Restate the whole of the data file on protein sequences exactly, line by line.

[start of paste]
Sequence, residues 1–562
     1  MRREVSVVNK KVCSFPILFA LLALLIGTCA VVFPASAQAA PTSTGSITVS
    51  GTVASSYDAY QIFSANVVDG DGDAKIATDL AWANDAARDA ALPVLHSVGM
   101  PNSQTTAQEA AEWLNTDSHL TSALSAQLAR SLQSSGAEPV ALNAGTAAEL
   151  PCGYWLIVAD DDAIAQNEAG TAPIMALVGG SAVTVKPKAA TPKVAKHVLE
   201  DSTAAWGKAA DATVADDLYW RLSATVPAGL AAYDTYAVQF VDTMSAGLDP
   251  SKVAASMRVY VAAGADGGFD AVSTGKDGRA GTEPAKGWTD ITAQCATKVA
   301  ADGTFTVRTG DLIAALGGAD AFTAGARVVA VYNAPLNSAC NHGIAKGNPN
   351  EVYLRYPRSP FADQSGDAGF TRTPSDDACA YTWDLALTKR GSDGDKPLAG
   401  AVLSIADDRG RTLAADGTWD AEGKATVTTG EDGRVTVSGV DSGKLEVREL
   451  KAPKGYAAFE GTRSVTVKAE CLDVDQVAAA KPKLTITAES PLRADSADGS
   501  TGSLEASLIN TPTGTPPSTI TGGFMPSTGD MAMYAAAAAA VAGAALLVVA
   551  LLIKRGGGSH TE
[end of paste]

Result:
Sequence, residues 1–562
     1  MRREVSVVNK KVCSFPILFA LLALLIGTCA VVFPASAQAA PTSTGSITVS
    51  GTVASSYDAY QIFSANVVDG DGDAKIATDL AWANDAARDA ALPVLHSVGM
   101  PNSQTTAQEA AEWLNTDSHL TSALSAQLAR SLQSSGAEPV ALNAGTAAEL
   151  PCGYWLIVAD DDAIAQNEAG TAPIMALVGG SAVTVKPKAA TPKVAKHVLE
   201  DSTAAWGKAA DATVADDLYW RLSATVPAGL AAYDTYAVQF VDTMSAGLDP
   251  SKVAASMRVY VAAGADGGFD AVSTGKDGRA GTEPAKGWTD ITAQCATKVA
   301  ADGTFTVRTG DLIAALGGAD AFTAGARVVA VYNAPLNSAC NHGIAKGNPN
   351  EVYLRYPRSP FADQSGDAGF TRTPSDDACA YTWDLALTKR GSDGDKPLAG
   401  AVLSIADDRG RTLAADGTWD AEGKATVTTG EDGRVTVSGV DSGKLEVREL
   451  KAPKGYAAFE GTRSVTVKAE CLDVDQVAAA KPKLTITAES PLRADSADGS
   501  TGSLEASLIN TPTGTPPSTI TGGFMPSTGD MAMYAAAAAA VAGAALLVVA
   551  LLIKRGGGSH TE